It’s one week of our lives.  One week of sacrifice for the people we’ve grown to appreciate so much.  Even if you’re exhausted, or hungry, or a cute girl asked you to meet up…there will always be time to sleep and eat and hang out with girls.  So for one week all I want is for everyone to roll with the punches, to do their part to make this week memorable for the whole group.  Of course it’s not easy, but if you care about your friends it’s well worth the sacrifice.

Thursday, June 21, 2012

Shit Jake Max Says: Volume II

Another dose of Jake Maxisms, for your pleasure.

"Dude, I love putting wires and stuff together."

"Like if you swallowed a brick, you'd be a brick heavier."

"Let's just hot tub time machine all night long!"

"I gotta gel my hair, bro."

"I was fucking bumping and grinding on those hoes all night long."

"I just don't have enough nuggets for all these sauces."

"Phew. Rant over."

"I like people who like me."

"I mean, if I force her to eat, she will."

"Like fucking untying knots. I'm great at that shit."

"This is the perfect v-neck opportunity."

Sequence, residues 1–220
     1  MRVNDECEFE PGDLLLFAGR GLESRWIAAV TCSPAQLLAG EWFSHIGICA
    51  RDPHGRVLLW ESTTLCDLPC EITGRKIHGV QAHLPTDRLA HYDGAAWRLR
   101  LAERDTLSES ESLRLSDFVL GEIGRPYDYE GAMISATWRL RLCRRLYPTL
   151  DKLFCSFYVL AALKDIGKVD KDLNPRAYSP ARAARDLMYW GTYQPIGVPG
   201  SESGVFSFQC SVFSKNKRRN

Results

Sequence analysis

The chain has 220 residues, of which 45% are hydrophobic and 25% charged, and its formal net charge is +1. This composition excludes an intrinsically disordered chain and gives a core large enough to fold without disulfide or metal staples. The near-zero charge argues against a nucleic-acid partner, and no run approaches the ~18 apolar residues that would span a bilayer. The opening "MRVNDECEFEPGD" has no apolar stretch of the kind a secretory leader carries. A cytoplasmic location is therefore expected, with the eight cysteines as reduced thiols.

"The stone is human sexuality...duh."

"What does love even mean?"

"Oh sick, he does karate!"

"Dude, that's a sweet band name, 'Incognito'"

- "Dude I'm riding dirty!"
- "What does that mean?"
- "I don't know but I like it."

"Do you know how many studies have been done?"

"You should find all the glory holes in Maryland...and use them."

"Dude, Wayne brought a fuckin' snowball to one of our summer league games and just put it under his chair."

"This is new. Did Twitter get new?"

"Like no one is gonna look for your weird texts..."

"Actually, I might just go home and read my book."

Tuesday, June 19, 2012

2011/2012: A Year in Review

             I hated the name at first. It sounded like everything I didn’t want the blog to be about: a cutesy play-on-words. But we were so eager to get it online that eventually I caved. Now, nine months later, I couldn’t dream of a better name.